News

 February 26, 2020

Climate Change Legislation would Impact Agriculture, Without Adequate Input from Farmers

 

A number of climate change measures under consideration in the legislature could have significant impact on agriculture and other food businesses. Recently passed by the Senate, An Act Setting Next Generation Climate Policy (S.2477) is a very complex bill that deserves attention from food system stakeholders as it moves through the legislative process. 

This bill would require lower greenhouse gas (GHG) emissions and set a statewide net-zero emissions limit by the year 2050. To do this it would set progressively lower GHG emission limits every 5 years beginning in 2025, require the Secretary of Energy and Environmental Affairs to set sub-limits for specific sectors including agriculture, and would specify a “Market-based compliance mechanism,” such as carbon taxes and perhaps carbon credits, and structural limits on emissions.

The bill would require support for low- and moderate-income communities disproportionately impacted by environmental issues, and protections for economic sectors and individual employers at risk of adverse impacts from compliance mechanisms. The bill would require tracking emission reductions, including carbon sequestration from natural and working lands. 

The Collaborative is pleased to see these actions, as they represent progress toward several recommendations in the Massachusetts Local Food Action Plan, including:

  • Land 4.2.1: Add carbon sequestration by agriculture to the Massachusetts Annual and Three-Year Greenhouse Gas Emissions Inventories.
  • Land 4.2.3: Research opportunities for Massachusetts farmers and farmland owners to access public and private carbon markets and establish a regional carbon market for farmers.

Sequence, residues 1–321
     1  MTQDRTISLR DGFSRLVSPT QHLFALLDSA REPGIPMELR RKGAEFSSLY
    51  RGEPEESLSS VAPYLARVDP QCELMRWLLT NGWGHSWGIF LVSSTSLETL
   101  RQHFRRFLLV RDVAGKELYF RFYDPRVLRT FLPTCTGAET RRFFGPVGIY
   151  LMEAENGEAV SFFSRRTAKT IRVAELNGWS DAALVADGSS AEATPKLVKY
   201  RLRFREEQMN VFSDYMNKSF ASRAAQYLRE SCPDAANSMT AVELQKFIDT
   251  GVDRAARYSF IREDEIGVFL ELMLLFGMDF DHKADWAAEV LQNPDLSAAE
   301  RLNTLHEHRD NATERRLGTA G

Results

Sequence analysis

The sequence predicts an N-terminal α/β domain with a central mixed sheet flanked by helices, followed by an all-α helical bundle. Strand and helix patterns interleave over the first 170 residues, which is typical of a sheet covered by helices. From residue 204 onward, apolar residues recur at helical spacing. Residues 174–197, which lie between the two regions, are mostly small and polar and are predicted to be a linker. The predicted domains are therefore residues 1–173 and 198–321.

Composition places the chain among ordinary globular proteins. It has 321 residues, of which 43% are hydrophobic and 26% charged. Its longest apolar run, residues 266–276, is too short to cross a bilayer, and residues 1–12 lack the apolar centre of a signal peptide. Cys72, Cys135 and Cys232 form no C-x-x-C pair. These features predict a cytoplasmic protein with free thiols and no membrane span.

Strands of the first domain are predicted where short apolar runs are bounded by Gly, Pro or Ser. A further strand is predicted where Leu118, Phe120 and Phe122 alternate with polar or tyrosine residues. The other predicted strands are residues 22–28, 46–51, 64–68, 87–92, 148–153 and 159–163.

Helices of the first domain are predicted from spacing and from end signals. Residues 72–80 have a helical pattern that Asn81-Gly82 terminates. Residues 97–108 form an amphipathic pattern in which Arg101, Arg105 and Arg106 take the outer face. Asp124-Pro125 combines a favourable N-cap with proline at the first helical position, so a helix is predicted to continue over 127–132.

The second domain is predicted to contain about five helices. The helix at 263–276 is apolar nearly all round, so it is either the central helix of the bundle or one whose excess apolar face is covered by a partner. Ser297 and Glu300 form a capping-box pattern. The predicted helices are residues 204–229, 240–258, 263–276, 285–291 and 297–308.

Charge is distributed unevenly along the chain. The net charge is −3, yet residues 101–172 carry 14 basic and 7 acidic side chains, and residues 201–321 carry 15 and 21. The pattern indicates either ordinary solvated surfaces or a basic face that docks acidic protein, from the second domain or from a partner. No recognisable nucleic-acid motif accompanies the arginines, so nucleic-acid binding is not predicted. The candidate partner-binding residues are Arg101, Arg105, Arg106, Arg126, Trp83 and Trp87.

• Inputs 2.1.6: Continue to collect data on carbon levels in soil to identify areas that need interventions and to track progress.

The bill would require the Secretary of Energy and Environmental Affairs to consult with the Department of Environmental Protection and the Department of Energy Resources in adopting each 5-year total GHG limit and to consult the Secretary of Housing and Economic Development and the Secretary of Transportation in adopting sector based limits. Given that farm and forest land currently covers nearly 73% of the state’s land area and that the success of climate adaptation and mitigation solutions are dependent upon these lands, the Collaborative advocates for also requiring consultation with the Department of Agricultural Resources on both elements.

The bill would also establish a Massachusetts Climate Policy Commission, a new, independent, public watchdog charged with monitoring, evaluating, and making recommendations on the state’s GHG-related actions, but this body would have no representation from the farm or forest sectors. Because 82% of farm and forest land in the Commonwealth is in private ownership, or 60% of all land in the state, the Collaborative advocated for better representation on the Commission. While the final bill did not reflect that request, it would create an advisory council to the Commission and we were successful in supporting the addition of representatives from farming and land use to that body. 

The bill would also create a permanent statutory authorization for the “MOR-EV” program. This program provides incentives for people who purchase zero emissions vehicles, and it expired in 2019. The Collaborative has provided testimony recommending that such incentives be expanded to include tractors and other agricultural vehicles. In tandem with most farms’ physical capacity to generate solar power to charge these vehicles, it may significantly reduce GHG emissions from agriculture.

For more information and details on this bill contact Jeff Cole, Agricultural Network Coordinator.

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